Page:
Photos by Shu Hung and Joe Magliaro
The forces of a global art market have created a gold rush of art speculators in China. With the Mainland’s first gallery opening only 15 years ago and international interest in the voices of young China, the gallery scene in Beijing can sometimes feel like its up for sale to the highest bidder.
Stacey Duff, art critic and editor for Time Out Beijing, introduces us to the spaces and people who are working to build a lasting infrastructure for the rapidly expanding scene.
Stacey Duff Bio
Brief bio, occupation: Stacey Duff is the art editor for Time Out Beijing. His articles have also appeared in Art Review UK, Artnet and Artzine China. Stacey is also the China correspondent for Saatchi Online. Outside of art, he is focusing on providing ways for young Chinese poets to collaborate with their Western counterparts.
Length of time in Beijing: 4 years
Navigating the Beijing Art Scene
The Beijing art scene is really spread out, with several art centers rather than just one.
The highest concentration of galleries is in the Dashanzi 798 Art District, 2 or 4 Jiuxianqiao Lu, Chaoyang, full of converted Bauhaus-style warehouse and factory spaces.
Rising rents have pushed some artists to Caochangdi Village, by the Fifth Ring Road in the city’s northeast, Chaoyang, Beijing’s new gallery hot spot. Caochangdi, The Brewery International Art Garden, Beihuqu Lu, Anwai Beiyuan near the Olympic Park, and the Central Academy of Fine Arts, 8 Huajiadi Nanlu, Chaoyang, are located within a short cab drive of Dashanzi.
The city also has galleries scattered throughout the central downtown area, inside the Second Ring Road and just south of the Central Business District.
Best Of Contemporary Art
Overall Contemporary Art Institution:
Ullens Centre of Contemporary Art
Dashanzi 798 Art District
Ullens Centre for Contemporary Art has reenergized the Dashanzi Art District, boasting several art events each week: openings, films, forums, and large-scale exhibitions. Founded by Belgian philanthropists and collectors, Guy and Miriam Ullens, UCCA is also the first not-for-profit art space in Beijing and has received glowing reviews abroad for bringing international exhibition standards to the city.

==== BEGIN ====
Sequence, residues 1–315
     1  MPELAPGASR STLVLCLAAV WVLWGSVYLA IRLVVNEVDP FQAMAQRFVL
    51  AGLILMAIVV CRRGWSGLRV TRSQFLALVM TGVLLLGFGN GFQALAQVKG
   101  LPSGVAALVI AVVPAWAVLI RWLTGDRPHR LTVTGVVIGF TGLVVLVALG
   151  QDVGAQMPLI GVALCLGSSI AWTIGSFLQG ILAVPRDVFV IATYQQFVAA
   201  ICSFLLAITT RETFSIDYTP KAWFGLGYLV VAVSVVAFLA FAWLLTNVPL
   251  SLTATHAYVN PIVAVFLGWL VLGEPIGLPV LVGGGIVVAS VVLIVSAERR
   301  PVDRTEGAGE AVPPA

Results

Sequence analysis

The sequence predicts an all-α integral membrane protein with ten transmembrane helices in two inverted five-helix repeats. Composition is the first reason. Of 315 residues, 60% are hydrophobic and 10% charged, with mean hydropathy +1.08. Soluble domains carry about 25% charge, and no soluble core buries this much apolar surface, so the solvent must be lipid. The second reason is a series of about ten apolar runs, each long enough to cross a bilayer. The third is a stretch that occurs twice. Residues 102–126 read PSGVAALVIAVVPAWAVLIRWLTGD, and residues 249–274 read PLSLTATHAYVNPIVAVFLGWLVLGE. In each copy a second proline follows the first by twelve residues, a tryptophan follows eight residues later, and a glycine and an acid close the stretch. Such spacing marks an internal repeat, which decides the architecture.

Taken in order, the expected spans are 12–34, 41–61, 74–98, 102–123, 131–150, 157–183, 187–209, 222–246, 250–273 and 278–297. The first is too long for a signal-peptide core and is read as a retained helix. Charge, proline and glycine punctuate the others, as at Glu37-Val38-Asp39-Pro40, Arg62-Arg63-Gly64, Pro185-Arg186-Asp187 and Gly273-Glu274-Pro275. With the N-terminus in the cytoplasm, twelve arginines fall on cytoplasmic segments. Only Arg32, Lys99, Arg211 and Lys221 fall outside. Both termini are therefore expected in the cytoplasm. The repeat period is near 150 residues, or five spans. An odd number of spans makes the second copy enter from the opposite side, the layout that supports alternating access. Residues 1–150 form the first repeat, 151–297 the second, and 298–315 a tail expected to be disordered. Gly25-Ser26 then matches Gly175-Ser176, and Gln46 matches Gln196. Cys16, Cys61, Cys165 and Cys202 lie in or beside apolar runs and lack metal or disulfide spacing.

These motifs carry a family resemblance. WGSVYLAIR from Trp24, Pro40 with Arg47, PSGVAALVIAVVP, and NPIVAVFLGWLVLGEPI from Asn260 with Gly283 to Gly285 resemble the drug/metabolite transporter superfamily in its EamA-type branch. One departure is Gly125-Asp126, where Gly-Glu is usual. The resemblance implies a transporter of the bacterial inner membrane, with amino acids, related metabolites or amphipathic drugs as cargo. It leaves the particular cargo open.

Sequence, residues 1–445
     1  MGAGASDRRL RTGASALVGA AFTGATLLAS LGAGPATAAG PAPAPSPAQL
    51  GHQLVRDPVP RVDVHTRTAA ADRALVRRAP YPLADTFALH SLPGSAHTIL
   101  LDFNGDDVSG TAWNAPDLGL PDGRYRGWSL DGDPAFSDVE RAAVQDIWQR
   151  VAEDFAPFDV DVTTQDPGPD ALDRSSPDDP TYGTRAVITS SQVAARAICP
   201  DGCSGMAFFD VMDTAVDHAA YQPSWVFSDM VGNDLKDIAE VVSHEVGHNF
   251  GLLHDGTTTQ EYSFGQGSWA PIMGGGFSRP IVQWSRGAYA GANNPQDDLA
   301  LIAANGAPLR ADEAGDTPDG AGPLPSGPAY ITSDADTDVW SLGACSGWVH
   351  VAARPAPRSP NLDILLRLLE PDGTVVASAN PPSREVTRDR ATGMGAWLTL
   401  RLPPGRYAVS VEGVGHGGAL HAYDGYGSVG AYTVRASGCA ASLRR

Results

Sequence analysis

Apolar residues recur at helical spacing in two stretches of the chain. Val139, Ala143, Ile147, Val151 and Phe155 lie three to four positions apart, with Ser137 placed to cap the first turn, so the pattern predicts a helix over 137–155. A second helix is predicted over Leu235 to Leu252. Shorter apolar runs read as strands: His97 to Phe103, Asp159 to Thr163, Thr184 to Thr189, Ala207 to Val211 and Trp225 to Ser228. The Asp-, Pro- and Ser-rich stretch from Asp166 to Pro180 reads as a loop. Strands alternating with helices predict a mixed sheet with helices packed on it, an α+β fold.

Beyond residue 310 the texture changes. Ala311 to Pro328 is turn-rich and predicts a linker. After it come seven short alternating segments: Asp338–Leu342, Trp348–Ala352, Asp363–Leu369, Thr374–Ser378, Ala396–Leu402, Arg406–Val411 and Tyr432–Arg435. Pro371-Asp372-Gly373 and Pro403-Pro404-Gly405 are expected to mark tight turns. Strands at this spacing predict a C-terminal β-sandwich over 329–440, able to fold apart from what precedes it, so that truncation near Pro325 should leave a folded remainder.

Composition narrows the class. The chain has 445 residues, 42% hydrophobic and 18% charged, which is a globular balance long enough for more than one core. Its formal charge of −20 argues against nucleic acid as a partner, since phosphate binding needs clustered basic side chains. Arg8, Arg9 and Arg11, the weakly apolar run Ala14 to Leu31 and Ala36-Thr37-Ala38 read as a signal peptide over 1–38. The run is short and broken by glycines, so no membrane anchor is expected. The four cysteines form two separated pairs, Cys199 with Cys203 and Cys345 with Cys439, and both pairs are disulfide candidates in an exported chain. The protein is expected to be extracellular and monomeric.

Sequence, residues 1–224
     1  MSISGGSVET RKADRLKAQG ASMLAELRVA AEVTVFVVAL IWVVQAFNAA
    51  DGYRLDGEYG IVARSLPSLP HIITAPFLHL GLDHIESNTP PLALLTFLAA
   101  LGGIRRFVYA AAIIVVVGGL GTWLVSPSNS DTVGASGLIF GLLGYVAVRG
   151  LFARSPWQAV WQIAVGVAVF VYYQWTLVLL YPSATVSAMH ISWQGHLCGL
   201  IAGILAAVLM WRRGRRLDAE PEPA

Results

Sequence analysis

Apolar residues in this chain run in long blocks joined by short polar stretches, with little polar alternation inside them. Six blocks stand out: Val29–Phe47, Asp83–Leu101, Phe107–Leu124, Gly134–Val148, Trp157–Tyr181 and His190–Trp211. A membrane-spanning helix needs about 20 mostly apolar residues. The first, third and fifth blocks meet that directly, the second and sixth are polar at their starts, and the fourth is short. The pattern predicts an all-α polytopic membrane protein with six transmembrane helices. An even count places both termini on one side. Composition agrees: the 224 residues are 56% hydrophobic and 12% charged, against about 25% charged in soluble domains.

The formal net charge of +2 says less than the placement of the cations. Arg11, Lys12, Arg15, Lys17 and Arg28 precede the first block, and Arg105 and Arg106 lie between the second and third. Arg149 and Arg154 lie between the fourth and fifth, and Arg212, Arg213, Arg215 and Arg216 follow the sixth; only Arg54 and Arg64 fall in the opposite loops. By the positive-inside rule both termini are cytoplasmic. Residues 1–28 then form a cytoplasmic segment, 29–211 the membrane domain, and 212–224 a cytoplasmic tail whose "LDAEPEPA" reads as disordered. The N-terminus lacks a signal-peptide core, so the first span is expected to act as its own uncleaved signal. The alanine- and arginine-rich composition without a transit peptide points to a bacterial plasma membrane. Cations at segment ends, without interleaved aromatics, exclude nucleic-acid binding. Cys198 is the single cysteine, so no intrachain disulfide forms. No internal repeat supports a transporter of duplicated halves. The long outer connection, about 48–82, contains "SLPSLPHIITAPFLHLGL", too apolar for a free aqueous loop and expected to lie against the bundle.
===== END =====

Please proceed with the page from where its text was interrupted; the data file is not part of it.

For Chinese Pulse:
Long March Space
Dashanzi 798 Art District
Long March Space is a good first stop for a representative overview of what is happening in Chinese contemporary art (nationwide, not just in Beijing). Long March organizes exhibitions, events, forums, and seminars around the country. Their goal: bring international art to the masses, but with a firm grounding in Chinese art history and practice.
For Site-Specific Projects:
Dashanzi 798 Arts District
Based in San Gimignano, Italy, Galleria Continua opened here in May 2005, becoming the first gallery to show major international artists in Beijing. The space includes a high-ceilinged exhibition hall ideal for site-specific installations.
For Emerging Artists:
319-1 East End Art Zone A, Caochangdi Village.
Under gallerist Natalie Sun, Platform China is one of the city’s most dynamic art spaces. Platform includes a courtyard for openings, which often feature musical performances and barbecue under an open sky. Despite the international-name exhibits, it’s the best place in town to scout young and emerging Chinese artists.
For Coolest Openings:
A8 Caochangdi Village.
Boers-Li Gallery is our favorite; Chinese curator Pi Li and ex-Berliner gallerist Waling Boers put on dazzling shows. There’s also a showroom and one large exhibition hall devoted to large-scale projects.
46-C Caochangdi Village